Fog-Linen-brass-toilet-paper-holder. Above: Fog-Linen’s satisfyingly simple, made-in-India Brass Toilet Paper Holder is $30.
Lostine-Roland-toilet-paper-holder Above: Lostine’s brass and maple Roland Toilet Paper Holder, $55, is a scaled-down version of its Roland Paper Towel Holder, $65.
KBH brass toilet paper dispenser. Above: From Remodelista favorite KBH Københavns Møbelsnedkeri of Copenhagen, the KBH Paper Holder comes in two finishes: brass (as shown) and dark brass; €206.

Bright White

Curva toilet paper holder. Above: WS Bath Collection’s painted aluminum Curva Toilet Paper Holder is $91 from Modo Bath.
Kroft-white-modern-toilet-paper-holder Above: We love small Canadian company Kroft’s hooks and bathroom accessories, including the Modern Toilet Paper Holder, $79, of powder-coated steel and solid wood.
Petrified Designs toilet paper holder Above: Petrified Design of Austin, Texas, makes its Toilet Paper Holder, $50, in 12 powder-coated colors.
Sibella Court The Citizenry Banded Toilet Roll Holder Above: The Banded Toilet Roll Holder of powder-coated cast-iron and brass, $50 AUD, is one of several TP dispensers of note from Sydney, Australia’s, The Society “captained” by Sibella Court.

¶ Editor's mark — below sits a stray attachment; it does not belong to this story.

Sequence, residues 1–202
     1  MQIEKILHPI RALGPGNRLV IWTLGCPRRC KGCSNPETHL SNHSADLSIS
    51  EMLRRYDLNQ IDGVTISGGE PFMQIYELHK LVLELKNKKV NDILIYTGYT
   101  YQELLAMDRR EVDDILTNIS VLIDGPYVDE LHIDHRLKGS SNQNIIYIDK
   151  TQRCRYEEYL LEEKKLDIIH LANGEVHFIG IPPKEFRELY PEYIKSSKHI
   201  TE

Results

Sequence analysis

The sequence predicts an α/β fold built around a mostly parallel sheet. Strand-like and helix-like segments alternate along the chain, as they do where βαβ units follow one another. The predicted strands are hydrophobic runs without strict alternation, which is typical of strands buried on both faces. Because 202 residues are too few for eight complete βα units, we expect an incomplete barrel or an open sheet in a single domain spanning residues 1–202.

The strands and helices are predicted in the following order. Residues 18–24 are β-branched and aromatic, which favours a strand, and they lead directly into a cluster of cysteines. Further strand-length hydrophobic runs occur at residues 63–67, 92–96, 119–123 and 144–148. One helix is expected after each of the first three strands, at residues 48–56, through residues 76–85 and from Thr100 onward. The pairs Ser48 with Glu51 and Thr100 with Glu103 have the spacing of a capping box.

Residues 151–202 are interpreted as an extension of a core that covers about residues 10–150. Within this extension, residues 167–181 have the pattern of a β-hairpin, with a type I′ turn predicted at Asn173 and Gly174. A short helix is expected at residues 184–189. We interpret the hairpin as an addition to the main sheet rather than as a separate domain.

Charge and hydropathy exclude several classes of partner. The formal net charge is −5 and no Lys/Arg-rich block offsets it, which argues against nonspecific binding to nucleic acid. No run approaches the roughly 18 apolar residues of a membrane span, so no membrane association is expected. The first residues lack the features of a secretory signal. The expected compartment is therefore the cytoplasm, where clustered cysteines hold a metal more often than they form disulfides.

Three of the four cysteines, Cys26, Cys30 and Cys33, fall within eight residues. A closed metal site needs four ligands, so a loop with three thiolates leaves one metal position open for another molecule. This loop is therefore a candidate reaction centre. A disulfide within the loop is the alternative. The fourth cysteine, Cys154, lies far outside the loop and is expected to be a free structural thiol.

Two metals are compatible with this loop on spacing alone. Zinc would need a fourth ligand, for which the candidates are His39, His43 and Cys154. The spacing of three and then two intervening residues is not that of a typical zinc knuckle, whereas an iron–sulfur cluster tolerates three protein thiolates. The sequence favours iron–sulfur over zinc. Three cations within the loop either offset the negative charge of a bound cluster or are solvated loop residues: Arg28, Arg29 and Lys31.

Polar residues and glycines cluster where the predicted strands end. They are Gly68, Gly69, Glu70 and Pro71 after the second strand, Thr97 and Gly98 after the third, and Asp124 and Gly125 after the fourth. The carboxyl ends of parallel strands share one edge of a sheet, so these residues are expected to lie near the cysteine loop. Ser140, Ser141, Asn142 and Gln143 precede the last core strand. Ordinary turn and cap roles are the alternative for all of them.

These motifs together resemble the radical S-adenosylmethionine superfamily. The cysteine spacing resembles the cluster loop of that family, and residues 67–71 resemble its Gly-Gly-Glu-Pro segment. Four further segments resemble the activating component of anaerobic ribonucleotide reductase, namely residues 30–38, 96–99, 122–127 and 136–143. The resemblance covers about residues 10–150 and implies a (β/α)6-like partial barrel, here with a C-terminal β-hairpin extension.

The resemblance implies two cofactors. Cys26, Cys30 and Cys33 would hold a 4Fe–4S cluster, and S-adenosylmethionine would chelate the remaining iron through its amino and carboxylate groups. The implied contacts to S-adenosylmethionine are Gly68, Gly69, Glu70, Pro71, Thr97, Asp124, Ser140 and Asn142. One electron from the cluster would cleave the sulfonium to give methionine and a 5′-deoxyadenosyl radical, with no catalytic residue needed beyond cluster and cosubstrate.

Modern Black

CB2 Rough Cast-toilet-paper-holder Above: From CB2’s Rough Cast bathroom accessories line of rough-hewn aluminum, the Black Toilet Paper Holder is $24.95.
New Made LA toilet paper holder Above: NewMade LA specializes in “affordable vintage-inspired home goods made in Los Angeles.” The NMLA shelf-style Metal Toilet Paper Holder comes in six powder-coated colors, $55, and brass, $65. Madewell also offers it in black, white, and yellow for $55.
Ferm Living toilet roll holder. Above: The Ferm Living Black Toilet Paper Holder of powder-coated metal and black-stained oak is $35 from Burke Decor.

We have a longstanding interest in the mundane things we use the most. Here’s our 2017 roundup of Indie Toilet Paper Holders.

Also take a look at:

  • 10 Easy Pieces: Classic Robe Hooks
  • 10 Easy Pieces All-Glass Storage Containers
  • 10 Easy Pieces: A New Wave of Organic Laundry Soaps



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10 Easy Pieces: Bedside Alarm Clocks


As an alternative to your smart phone alarm clock, here is a roundup of our favorite small-scale bedside alarm clocks that work just as well for travel.

At Schoolhouse, the Flip Clock in White is made by TWEMCO, one of the original flip clock manufacturers since 56; $99 at Schoolhouse.
Above: At Schoolhouse, the Flip Clock in White is made by TWEMCO, one of the original flip clock manufacturers since 1956; $99 at Schoolhouse.
The Jasper Morrison-designed Punkt AC 0data-src=
Above: The Jasper Morrison-designed Punkt AC 01 Alarm Clock has glow in the dark hands and comes in white, black, or red; $185 at Luminaire.
Designed by Arne Jacobsen, the classic Station Alarm Clock in black is $data-src=
Above: Designed by Arne Jacobsen, the classic Station Alarm Clock in black is $129 at the MoMA Design Store.
The Newgate Clocks Cubic Alarm Clock in black is $48 at Food5
Above: The Newgate Clocks Cubic Alarm Clock in black is $48 at Food52.